For a remote team to function well, trust is one of the most important factors. We leaders need to believe that people are working when we can’t see them, that the quality of the work will be high, that people are accountable for the deadlines and outputs that others require to achieve the team’s goals. Conversely, they need to believe that their manager will support them, help them find the resources and answers they need, and not worry that there are other agendas at work that might undermine them.
So, yeah, trust matters. And while we like to say things like, “assume positive intent,” and “don’t jump to conclusions,” our brains often go to dark, scary places. The reason is that if we don’t have proof that people are doing what they should, or working hard, or aligning their purpose with the team, there’s a gap in our knowledge.
Filling the Knowledge Gap
That gap often gets filled with suspicions that blossom into full blown paranoia. So what makes the difference? Evidence.
How do you know that Ian is really working on that report? Because he gives you updates on his weekly report and it’s finished on time.
Sally seems to spend a lot of time picking her kids up from school. Suspicious isn’t it? Yet the quality of the work is good and her colleagues say she’s helpful and responsive. Relax.
Rajesh has started being very quiet on group meetings; in fact you haven’t heard him speak up in weeks. You can continue to sit and wonder, or you can call on him during the meeting. Maybe reach out to him afterwards and ask if there’s something going on you should know. There might be a problem, or might not, but without evidence you just don’t know. And doubt can lead to suspicion, and then to paranoia, which can lead to fear which leads to the Dark Side. Okay, so you might not build a Death Star, but there’s not much trust there.
How do you get this evidence?
- Are there metrics in place, and are they being met? If quality slips, or work is late, how come?
- Do you receive regular updates that match reality? Heck, do you even receive regular updates?
- Do you communicate frequently, or only when deadlines loom or it’s already too late?
- When you give them news from the organization, does it match what they see and hear?
- Do you share information with the team, or are they unaware of what each other is doing and how high the quality is?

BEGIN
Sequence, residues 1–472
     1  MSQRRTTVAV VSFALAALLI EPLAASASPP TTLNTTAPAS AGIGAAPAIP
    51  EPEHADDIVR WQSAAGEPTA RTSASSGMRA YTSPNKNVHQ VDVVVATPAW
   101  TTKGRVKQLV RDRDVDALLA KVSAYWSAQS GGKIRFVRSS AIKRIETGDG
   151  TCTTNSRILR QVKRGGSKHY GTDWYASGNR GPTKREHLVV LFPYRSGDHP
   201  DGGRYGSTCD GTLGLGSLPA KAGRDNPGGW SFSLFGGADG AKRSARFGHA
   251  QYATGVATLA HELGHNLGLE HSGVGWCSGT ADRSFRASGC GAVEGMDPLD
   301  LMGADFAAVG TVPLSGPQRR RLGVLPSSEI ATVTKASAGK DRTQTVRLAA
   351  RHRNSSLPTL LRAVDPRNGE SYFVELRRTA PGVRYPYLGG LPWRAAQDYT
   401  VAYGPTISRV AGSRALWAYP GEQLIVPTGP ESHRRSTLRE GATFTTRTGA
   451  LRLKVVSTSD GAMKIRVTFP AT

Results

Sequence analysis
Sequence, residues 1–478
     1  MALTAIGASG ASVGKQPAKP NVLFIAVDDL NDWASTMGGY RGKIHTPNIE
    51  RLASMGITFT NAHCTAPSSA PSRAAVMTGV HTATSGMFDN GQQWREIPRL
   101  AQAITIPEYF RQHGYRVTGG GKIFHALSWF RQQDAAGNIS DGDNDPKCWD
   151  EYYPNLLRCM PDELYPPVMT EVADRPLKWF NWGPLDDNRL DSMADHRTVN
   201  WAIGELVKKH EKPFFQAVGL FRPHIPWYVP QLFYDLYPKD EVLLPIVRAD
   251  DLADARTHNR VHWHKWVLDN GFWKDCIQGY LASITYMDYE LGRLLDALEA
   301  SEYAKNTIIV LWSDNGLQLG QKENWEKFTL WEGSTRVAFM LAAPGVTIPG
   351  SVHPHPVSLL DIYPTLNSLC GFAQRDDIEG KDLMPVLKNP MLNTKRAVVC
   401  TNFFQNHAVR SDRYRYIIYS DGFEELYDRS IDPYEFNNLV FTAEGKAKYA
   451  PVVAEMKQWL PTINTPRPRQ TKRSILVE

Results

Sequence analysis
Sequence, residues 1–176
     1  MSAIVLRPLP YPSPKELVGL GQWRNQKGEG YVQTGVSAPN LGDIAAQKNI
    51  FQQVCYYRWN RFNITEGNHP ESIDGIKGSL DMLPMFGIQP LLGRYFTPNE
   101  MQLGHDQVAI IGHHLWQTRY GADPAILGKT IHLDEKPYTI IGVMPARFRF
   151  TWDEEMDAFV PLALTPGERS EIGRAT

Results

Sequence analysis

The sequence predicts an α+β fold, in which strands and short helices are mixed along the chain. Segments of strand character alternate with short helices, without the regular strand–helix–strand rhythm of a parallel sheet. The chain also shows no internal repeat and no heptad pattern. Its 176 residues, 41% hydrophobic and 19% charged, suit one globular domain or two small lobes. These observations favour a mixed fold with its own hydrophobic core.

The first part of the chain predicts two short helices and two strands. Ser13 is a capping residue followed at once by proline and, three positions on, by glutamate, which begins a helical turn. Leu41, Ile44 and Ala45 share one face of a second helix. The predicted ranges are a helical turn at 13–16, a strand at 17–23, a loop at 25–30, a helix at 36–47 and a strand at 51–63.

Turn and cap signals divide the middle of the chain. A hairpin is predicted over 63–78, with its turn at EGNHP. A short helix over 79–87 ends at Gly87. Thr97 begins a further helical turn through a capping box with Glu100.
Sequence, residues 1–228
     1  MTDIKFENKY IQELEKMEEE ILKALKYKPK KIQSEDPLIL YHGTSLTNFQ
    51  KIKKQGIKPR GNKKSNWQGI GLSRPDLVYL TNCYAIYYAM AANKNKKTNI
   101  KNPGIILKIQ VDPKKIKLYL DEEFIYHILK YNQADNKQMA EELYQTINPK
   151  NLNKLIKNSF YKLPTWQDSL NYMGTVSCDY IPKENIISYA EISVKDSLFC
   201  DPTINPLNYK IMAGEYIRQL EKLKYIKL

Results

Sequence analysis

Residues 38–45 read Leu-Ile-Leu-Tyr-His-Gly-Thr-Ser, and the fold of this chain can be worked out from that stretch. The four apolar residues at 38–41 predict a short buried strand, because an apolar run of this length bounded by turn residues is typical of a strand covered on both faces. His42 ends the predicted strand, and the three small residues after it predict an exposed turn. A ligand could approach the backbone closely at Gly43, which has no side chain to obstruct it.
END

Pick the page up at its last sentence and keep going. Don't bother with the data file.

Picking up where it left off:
- Does the team know each other as well as you know each member? How is that impacting their ability to trust each other?
There are many ways to provide evidence. Share files and project updates. Make sure that team updates are accurate and focused on what’s important. Share good news with the team as a group, not merely with one person at a time so they all feel included.
It takes time and mindfulness to continually provide the evidence people need to work together and form a real cohesive team. But the alternative is worse.
This is all part and parcel of being a great remote teammate. If you would like to achieve that for you and your team, check out 12 Weeks to Being a Great Remote Teammate.
ABOUT THE AUTHOR
Co-Founder and Product Line Manager
Wayne Turmel is the co-founder and Product Line Manager for the Remote Leadership Institute. For twenty years he’s been obsessed with helping managers communicate more effectively with their teams, bosses and customers. Wayne is the author of several books that demystify communicating through technology including Meet Like You Mean It – a Leader’s Guide to Painless & Productive Virtual Meetings, 10 Steps to Successful Virtual Presentations and 6 Weeks to a Great Webinar. His work appears frequently in Management-Issues.com.
Wayne, along with Kevin Eikenberry, has co-authored the definitive book on leading remotely, The Long-Distance Leader: Rules for Remarkable Remote Leadership. Wayne and Kevin’s follow-up book, The Long-Distance Teammate, offers a roadmap for success not just for leaders, but for everyone making the transition to working remotely.